WebAIM - Web Accessibility In Mind

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New topic: perception versus reality


From: Oliver Burmeister
Date: Mar 26, 2003 5:38PM

Dear All

I propose a new thread.

Last year at OzeWAI http://www.ozewai.org/ I co-presented in the educational
track on how to make materials distributed online accessible to students. In
the process of preparing for this presentation I discovered something I had
not been aware of. To put this in context, I presented with 2 others, one
person who is completely blind, the other who was an industry person selling
web management products to the education market. Basically we did a role
play. I pretended to be the dumb lecturer who put up various types of
documents for my students (Word, html, pdf, etc). My blind friend pretended
to be my student and showed how inaccessible my material was. Then the 3 of
us showed how the material could have been produced to be accessible.

This role play came out of experiences I'd had in teaching an intermediate
java subject to several hundred students in semester 2 last year, including
3 students with disabilities (one physical, one hearing and one blind).

What was interesting for me in preparing the presentation, occurred when I
sought help from my blind java student. One of the documents I had produced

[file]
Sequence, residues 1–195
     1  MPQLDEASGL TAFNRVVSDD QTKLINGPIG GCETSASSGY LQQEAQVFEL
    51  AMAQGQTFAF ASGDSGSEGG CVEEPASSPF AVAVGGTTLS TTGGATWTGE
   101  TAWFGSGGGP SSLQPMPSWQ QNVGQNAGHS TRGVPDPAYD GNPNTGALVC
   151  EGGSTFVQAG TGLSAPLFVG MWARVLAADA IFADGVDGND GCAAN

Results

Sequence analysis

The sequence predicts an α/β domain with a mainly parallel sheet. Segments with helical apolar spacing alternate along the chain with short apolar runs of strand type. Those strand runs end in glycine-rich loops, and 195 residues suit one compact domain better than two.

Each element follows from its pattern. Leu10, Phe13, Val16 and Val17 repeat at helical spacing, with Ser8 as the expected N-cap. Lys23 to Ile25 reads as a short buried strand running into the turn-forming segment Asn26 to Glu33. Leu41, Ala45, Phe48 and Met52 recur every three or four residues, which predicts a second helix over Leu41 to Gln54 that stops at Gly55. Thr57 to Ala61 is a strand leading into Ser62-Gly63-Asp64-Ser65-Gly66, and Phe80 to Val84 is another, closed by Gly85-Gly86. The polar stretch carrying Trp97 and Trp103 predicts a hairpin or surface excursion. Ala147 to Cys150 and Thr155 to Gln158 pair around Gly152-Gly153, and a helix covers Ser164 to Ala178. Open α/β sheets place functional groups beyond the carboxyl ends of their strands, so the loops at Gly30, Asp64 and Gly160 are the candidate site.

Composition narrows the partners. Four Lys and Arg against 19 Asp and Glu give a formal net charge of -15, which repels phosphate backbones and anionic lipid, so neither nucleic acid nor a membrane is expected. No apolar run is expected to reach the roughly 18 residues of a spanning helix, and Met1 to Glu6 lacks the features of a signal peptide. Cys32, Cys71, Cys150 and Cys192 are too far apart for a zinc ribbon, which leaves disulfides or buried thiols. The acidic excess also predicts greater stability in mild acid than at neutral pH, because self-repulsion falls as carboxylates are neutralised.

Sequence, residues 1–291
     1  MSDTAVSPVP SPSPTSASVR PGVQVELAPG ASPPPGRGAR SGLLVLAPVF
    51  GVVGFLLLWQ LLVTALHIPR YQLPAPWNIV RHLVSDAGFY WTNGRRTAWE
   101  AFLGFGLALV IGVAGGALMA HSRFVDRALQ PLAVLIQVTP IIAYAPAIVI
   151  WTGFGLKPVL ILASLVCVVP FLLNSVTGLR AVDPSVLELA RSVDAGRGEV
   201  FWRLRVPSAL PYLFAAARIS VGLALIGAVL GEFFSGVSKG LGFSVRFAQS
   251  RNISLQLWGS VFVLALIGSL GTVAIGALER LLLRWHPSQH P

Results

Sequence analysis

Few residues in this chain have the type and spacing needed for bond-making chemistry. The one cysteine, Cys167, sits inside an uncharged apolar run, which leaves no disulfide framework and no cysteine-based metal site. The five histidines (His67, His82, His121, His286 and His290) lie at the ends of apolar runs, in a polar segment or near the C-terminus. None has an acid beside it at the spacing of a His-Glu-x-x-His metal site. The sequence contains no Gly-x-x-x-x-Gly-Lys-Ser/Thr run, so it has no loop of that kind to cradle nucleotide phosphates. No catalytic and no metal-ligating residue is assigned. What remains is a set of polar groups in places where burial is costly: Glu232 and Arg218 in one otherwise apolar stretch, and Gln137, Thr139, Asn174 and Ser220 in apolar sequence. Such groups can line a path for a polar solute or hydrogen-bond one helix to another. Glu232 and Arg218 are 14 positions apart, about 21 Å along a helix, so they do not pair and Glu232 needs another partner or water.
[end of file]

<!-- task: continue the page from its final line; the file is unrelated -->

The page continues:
during the semester, that he said was accessible to him, I wanted to use as
an example of what academics should do to make documents accessible. To my
surprise I discovered that when I saw, visually, what the form of the
document was, as he 'read' it on his machine, I realised for the first time
that there is a significant difference between perception and reality.

You are probably confused about what I mean. Let me try to explain it
better. I had a Word document with graphics, tables and text. The student
had processed the document through technology that made it accessible to
him. He appeared to understand what the document required and said it was
accessible to him. Hence during the semester I took him at his word and was
satisfied that he had the equivalent information of other students. But when
I was preparing the OzeWAI presentation (after the semester was over) and
got his version of the document I realised that a lot of the structure and
content was changed and making connections in how the material related
together would be much more difficult in the format he had. His PERCEPTION
was that he was getting the equivalent of other students. I presume he
thought my document structures and writing style was just very poor and that
all students had to put up with my poor language skills (some of you
probably think that now, trying to understand this long waffle). I had too
readily during the semester accepted him at his word that he was
understanding materials distributed to all students. Had I taken more of an
interest during the semester in what he actually did to 'read' the
documents, I would have realised in time to be of more help to him, that the
REALITY of what he was getting, was an inferior product.

So how does this affect you? Well for example the WAI guidelines. We use
them to present material and make it accessible. But how can we be sure that
just because it is accessible that there is equality of experience for our
users? Perhaps you can think of other examples?



Oliver Burmeister
Swinburne Computer-Human Interaction Laboratory (SCHIL)
School of Information Technology
Swinburne University of Technology
PO Box 218, Hawthorn, Victoria 3122
(T) +61 3 9214 8304
(F) +61 3 9214 5501
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